Making those friendships is what has made my transition to Boston all of the more meaningful. I came here not knowing what to expect, and wondering if I would be able to “plug in” quickly. Now, after 1 month of being here, I can’t count on 1 hand the number of Christian people that I have begun to hang out with on a consistent basis – their company is awesome!
Tonight, I joined a community group where most of these same friends participate, which has been formed as a result of the church that I have decided to get involved in. I truly feel connected to the Body of Christ – and to really cool people – all of this, after living here for less than 1 MONTH! May I never take these friendships for granted.
The second (and final) thing that I will write about in this obnoxiously long blog post is how strengthened and encouraged, spiritually, I have felt while I have been up here. Not only am I blessed with brothers and sisters in Christ, but the organization that I work for is a Christian organization (and yes, AmeriCorps is funding this – I “work on AmeriCorps” time when I am actually doing work for the organization – I don’t get paid when I’m doing any religious activity).
The staff at TechMission gets together normally 4 times / week for prayer, worship, and reflection on a book that we are reading. We are going through Brennan Manning’s “Abba’s Child” right now. I’ve never read anything by Manning before, but I have always wanted to. The book is incredible.
So far, it has provided a hugely important reminder to me that there are times that I need to slow down and work on myself for a little bit. I have recently been reminded of how human I am. When I sit down and start doing my devotions on a regular basis, things go great … for about however long that it takes me to realize things are going great. And then life kicks into high gear again, and I loose this consistency. I like to use the metaphor of a spiritual roller coaster. All my life, it feels like that it has been going up and down, up down, up down. Perhaps a couple loops have been thrown in there too.
This is one of those points in my life where I feel like I’m going up again. It’s at times like this that I often wonder, “Can I possibly get into a consistent basis THIS TIME???”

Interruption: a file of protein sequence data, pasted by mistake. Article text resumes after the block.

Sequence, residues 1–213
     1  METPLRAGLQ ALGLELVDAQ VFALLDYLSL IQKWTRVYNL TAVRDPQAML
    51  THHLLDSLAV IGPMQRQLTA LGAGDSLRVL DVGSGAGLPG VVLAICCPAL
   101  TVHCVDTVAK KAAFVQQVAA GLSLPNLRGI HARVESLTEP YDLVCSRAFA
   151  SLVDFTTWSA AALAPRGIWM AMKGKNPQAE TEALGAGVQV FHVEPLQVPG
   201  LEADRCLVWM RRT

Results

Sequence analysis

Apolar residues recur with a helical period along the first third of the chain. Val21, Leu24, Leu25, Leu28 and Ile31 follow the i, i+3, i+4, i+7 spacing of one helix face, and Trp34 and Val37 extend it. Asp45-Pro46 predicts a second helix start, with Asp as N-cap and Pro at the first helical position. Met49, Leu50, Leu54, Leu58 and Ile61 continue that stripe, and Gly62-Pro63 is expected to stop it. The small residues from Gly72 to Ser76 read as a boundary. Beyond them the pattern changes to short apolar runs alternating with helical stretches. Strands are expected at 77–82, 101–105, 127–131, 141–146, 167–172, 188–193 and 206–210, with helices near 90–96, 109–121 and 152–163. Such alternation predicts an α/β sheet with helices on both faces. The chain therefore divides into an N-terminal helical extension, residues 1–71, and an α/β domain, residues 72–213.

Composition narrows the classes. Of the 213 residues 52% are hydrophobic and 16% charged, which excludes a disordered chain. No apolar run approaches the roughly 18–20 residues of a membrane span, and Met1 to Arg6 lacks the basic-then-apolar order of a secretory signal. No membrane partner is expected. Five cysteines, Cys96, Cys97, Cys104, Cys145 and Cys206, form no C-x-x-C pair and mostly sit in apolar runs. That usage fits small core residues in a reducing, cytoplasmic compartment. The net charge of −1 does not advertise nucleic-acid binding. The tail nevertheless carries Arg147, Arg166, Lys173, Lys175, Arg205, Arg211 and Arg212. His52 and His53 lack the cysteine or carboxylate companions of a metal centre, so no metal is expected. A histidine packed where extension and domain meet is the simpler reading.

Manning’s book (or at least, the first 3 chapters that I’ve read so far) has helped me think through what it means to really be a follower of Christ. In chapter 1, Quoting Thomas Merton, he writes, “The reason we never enter into the deepest reality of our relationship with God is that we so seldom acknowledge our utter nothingness before him.”
Pride has been an issue for me in the past. I take pride in where I’ve come from, I take pride in my accomplishments, and worst of all, I take pride in my head knowledge. Oh, the downsides of a college education! This probably results in the fact that I sometimes talk about myself too much. I have become convinced that it this is not only my issue, but is a human race issue.
In Chapter 2, Manning writes about the “Imposter Within” and how we so often like to put on a mask to the outside world. I confess that I haven’t read this chapter in its entirety – maybe I should be doing that than writing this – but it was a great reminder, nonetheless, that another issue that mankind faces is finding acceptance in the world.
Finally, in Chapter 3, Manning writes how we are “The Beloved.” Our true identity is in CHRIST and in no one else. I loved reading what Manning wrote about finding this realization: “In our solitude we tune out the nay-saying whispers of our worthlessness and sink down into the mystery of our true self.” (Emphasis Added). I confess that I need to finish reading this chapter too.
All of this to say, that working for TechMission may have been one of the best decisions I will ever make. I am learning a TON of stuff in the IT sector, I am able to combine my skills and experience in the IT industry with holistic community development (Community Development was what I studied as a major in undergrad at Covenant College), but most importantly, I am being spiritually filled – and the Lord has given me immense joy in this.
Not only am I blessed with wonderful Christian brothers and sisters, but I am also blessed to work for an organization that values a holistic relationship with God.
May I never take these things for granted.